Sarah Taft grew up in the Hudson Valley of upstate New York, where her love of history and making images began. The Hudson Valley has many historic buildings often in various stages of decay which inspired Sarah to pick up her mother’s Pentax camera at an early age. She sees images as a way of preserving the past and present, often making her sisters model for her amongst the decaying landscape.  Sarah’s true love came when she was introduced to large format at Blue Moon Camera and Machine in Portland, Oregon, where she has worked for the last four years. You can often find her in her darkroom, printing for sanity or maybe its insanity; in any case there is usually sparkling wine involved. Sarah and her fiancé Joshua live with their fur babies, Emmet and Lola in North Portland. 

You can see more of Sarah's work on her website

Lisa Toboz

Lisa Toboz earned her MFA in Writing from the University of Pittsburgh, and is a copy editor for TABLE magazine. Her instant film work can be found in various publications including Impossible Magazine, Optiko, Hylas, and as a featured artist in She Shoots Film: Self Portraits. Her work explores self-portraiture and the forgotten landscapes in and around the rust-belt region, primarily through integral film. She has exhibited internationally, and is a member of the 12.12 Project, an instant-film artists’ collective that interprets monthly themes through analog techniques. She currently lives in Dormont, a trolley-line town outside of Pittsburgh, with her husband, artist Jeff Schreckengost.

Michael Rennie

At first I just took pictures, I wasn’t really a photographer; I was a skateboarder, a cyclist, a snowboarder, a climber, a sailor, a husband, a father, an engineer but not a photographer. My photographs were average despite using a camera on a daily basis.

Enter the battered, £12 Minolta 7000i SLR and a few rolls of film. This clunker showed me just how little I knew about how to take a picture and slowed me down enough to start actually learning. I started from the basics and taught myself photography, this was four years ago and today my obsession with film photography is stronger than ever.

I share articles, projects and competitions (both film and digital) on my blog at

My day to day adventures can be seen on Instagram at and Facebook

I shoot everything from half frame to large format and I’m keen to collaborate with any other film geeks at home (Scotland) or worldwide, please get in touch! 

Daniel Marinelli

My work is a bit of a compromise between landscape and street photography. I am more of an anthropologist than a photographer, despite the fact that you rarely see a person in any of my pictures, traces of humanity are omnipresent. The fingerprints society leaves behind, provide evidence of it’s impact. I am especially interested in the roughly defined line between nature and civilization, as well as man’s attempts to harness it’s beauty. I am also a bit of an archivist. Southern California had seen more development in the last 100 years than anywhere else in America. The world of my childhood is rapidly eroding and my vision of San Diego is altered on a daily basis. As people bring different values, ideas and visions to the region, they physically change the landscape. I enjoy documenting the change and taking little snippets with me. I almost always shoot from a sidewalk at eye level with a 35-50mm lens to closely mimic the human experience. I often use half frame cameras to document my surroundings and founded the Half Frame Club in summer of 2016.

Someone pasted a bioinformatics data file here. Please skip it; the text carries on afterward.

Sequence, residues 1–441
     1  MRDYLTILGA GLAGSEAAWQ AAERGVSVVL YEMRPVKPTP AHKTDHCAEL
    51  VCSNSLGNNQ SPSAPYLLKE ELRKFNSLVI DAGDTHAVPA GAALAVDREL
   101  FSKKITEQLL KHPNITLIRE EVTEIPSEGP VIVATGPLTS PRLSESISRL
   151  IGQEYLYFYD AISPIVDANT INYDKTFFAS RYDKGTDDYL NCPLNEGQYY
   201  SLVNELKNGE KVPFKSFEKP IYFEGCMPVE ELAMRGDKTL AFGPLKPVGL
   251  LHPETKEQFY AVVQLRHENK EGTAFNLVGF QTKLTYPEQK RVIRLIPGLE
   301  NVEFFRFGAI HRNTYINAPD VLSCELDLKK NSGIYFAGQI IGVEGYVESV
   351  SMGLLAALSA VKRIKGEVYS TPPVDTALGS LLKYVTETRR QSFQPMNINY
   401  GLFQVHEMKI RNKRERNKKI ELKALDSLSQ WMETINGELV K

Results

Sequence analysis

Chris Tennyson

Chris Tennyson is a Southern California based photographer who specializes in documenting rural towns. He finds most of his subjects in the American midwest.

Chris began his photographic journey at 14 and has continued for over 20 years. Not wanting to limit himself to one type of camera, he uses everything from 35mm to 8x10, pinhole to Polaroid. When not traveling in the midwest, Chris likes experimenting with different photographic arts. Past experiments have included restoring and shooting a Glossick cuban polaroid camera and shooting expired 8x10 Polaroid portraits. He is currently modifying a WWII era aerial reconnaissance lens to work on his 4x5 camera. 


Clarence Dosdos

I am Clarence Dosdos, 42 years old. I am an Architect by profession. I started taking Photography seriously on 2008, taking various subject from Landscapes, architectures, portraits and any other that are trending at that time and even trending now.

Last year I took a complete turn and choose Street Photography as a genre to least for now. Knowing that photography styles are evolving and innovations so as variations are keep coming up.

I am currently living in Doha, Qatar. An Arab state which makes street photography more challenging.

You can find more of my works here: 

Ellen Goodman

Ellen Goodman lives in the suburbs of St. Louis, Missouri with her husband and daughter. She has been developing film and making silver gelatin prints since her Dad built a darkroom in their home in the late 70's/early 80's. This early exposure to the darkroom led to a fascination of live chemical reactions and the energy and connection of things. Initially drawn to landscape photography, her focus shifted to portrait and documentary photography once her daughter was born.

Ellen spearheaded the Film Shooters Collective first group exhibition: "NSEW: Divided by Land, United by Film". The exhibit was on display at the Kranzberg Art Gallery in St. Louis, MO August 5th-27th, 2016.

All B&W shots are developed and by printed by hand in her darkroom. Her camera collection includes: Hasselblad 500 C/M, Pentax 67II, Mamiya C220, Polaroid SX-70, various 35mm cameras and her old Kodak Instamatic from childhood.

Connect with Ellen on her website: Twitter: @thefeeloffilm Instagram: